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Do you know where your variables are?

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Explain difference between my and local ?

To explain the differences, there would have to similarities.

my creates a lexically scoped variable.

local temporarily saves a package variable, (Upd: array element or hash element. ) The previous value of the variable will be restored when the current scope is exited.

What is the purpose of -w , strict , -T ?

See perlrun for -w and -T.

strict detects errors that aren't detected by default for backwards compatibility reasons.

How do we set environment variables in perl ?

Assign to %ENV. See perlvar.

How to turn on perl warnings? Why is this important ?

use warnings; detects lots of situations which are very likely to have resulted from errors.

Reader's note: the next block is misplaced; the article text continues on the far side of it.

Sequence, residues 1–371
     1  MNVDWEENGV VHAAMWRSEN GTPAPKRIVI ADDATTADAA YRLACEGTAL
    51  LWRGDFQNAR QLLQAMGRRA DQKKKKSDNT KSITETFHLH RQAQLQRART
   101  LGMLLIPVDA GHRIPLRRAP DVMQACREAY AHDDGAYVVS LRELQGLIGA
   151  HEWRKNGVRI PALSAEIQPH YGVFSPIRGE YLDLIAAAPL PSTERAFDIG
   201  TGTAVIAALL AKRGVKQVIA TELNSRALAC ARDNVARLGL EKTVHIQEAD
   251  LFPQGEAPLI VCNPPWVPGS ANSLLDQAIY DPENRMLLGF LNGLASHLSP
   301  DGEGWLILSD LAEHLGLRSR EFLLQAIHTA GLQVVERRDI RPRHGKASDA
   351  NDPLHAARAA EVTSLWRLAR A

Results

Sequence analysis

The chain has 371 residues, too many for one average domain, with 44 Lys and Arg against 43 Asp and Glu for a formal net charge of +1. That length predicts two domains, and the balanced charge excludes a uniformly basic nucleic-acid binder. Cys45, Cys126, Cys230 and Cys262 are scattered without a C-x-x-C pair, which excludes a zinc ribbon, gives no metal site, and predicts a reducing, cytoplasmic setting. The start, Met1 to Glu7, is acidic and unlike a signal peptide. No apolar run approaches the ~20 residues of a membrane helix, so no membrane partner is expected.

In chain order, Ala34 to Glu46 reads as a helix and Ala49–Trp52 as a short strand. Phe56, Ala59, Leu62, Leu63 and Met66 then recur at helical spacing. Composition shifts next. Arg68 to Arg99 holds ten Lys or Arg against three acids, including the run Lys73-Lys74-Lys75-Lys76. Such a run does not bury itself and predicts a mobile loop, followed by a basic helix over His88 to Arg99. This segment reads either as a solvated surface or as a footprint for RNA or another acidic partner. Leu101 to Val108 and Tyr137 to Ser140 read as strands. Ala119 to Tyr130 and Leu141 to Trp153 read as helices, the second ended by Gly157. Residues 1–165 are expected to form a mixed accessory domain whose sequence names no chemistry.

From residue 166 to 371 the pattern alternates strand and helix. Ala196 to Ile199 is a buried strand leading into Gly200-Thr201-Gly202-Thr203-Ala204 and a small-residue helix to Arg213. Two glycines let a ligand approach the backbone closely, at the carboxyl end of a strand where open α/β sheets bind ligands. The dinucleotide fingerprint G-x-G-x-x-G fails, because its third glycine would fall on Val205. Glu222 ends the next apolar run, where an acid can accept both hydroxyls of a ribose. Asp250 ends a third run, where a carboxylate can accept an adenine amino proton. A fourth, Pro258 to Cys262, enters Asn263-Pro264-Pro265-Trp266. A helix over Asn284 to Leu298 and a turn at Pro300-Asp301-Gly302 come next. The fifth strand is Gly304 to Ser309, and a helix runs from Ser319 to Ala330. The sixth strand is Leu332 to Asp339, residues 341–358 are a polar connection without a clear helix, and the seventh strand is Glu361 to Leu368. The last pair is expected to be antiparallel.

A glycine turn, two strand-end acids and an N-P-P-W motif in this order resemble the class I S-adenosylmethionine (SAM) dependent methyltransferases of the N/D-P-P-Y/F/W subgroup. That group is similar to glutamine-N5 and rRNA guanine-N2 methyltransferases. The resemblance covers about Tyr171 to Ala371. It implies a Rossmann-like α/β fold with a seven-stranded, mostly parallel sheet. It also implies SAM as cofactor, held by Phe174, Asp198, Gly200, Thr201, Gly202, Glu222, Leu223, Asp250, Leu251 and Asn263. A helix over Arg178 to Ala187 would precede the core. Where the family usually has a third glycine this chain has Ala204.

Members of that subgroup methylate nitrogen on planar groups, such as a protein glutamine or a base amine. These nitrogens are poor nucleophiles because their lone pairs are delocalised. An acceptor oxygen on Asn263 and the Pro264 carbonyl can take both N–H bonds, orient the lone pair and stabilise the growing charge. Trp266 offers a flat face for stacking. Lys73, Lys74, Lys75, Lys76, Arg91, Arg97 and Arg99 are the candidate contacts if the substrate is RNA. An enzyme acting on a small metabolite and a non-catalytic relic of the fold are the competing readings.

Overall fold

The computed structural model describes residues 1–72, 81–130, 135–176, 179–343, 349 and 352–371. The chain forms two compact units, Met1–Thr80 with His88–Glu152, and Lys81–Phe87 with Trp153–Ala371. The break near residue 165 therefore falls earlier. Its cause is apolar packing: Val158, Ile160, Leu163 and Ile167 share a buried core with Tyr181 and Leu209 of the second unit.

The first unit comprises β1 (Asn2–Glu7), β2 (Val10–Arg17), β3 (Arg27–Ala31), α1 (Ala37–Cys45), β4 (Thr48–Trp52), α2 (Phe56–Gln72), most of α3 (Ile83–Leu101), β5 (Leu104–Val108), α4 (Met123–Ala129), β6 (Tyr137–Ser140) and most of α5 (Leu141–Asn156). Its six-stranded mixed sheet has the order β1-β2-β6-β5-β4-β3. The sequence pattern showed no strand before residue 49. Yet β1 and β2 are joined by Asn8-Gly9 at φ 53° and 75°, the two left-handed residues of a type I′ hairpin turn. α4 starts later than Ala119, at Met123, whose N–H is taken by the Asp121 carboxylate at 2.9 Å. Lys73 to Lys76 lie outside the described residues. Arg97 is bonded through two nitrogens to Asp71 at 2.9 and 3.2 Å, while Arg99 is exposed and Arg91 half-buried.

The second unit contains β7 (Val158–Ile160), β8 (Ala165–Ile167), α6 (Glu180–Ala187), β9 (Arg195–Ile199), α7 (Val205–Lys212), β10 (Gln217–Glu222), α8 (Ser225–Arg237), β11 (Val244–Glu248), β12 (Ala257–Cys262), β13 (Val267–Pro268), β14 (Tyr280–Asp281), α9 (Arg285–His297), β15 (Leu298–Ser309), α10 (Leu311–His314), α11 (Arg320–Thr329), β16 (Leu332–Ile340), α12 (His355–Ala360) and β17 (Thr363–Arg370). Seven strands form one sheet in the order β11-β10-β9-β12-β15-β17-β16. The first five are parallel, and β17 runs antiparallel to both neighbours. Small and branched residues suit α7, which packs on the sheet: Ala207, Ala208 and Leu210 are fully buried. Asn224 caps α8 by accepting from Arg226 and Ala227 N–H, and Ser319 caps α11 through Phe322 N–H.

What are scalar data and scalar variables ?

"Scalar data" is by no means a formal term. I've never heard it. It probably refers to values that can be assigned to a scalar.

Scalar variables are one of Perl's variable types. They hold one* the following: a string, a signed integer, an unsigned integer, a floating point number, a string (array of 8-bit characters), a string (array of 32/64-bit characters), a reference or a glob.

(Upd: See perldata. )

* — Sometimes more than one, such as both the integer 123 and the string "123". These are optimisations or very special cases called "dualvars".

How do we read command line arguments with perl ?

They are provided in @ARGV. See perlvar.

Why does perl donot have overload functions ?

If there isn't, it's because noone coded a way of doing it.

How we sort a hash by the hash key ?

By definition, hashes can't be sorted. Their keys or values can be sorted.

(Upd: Magic can be used to alter their implementation. See reply for some modules that do this. )

How chomp( ) function and chop differs ?

chomp vs chop.

In reply to Re: My questions: new to perl by ikegami
in thread My questions: new to perl by Monk_perl

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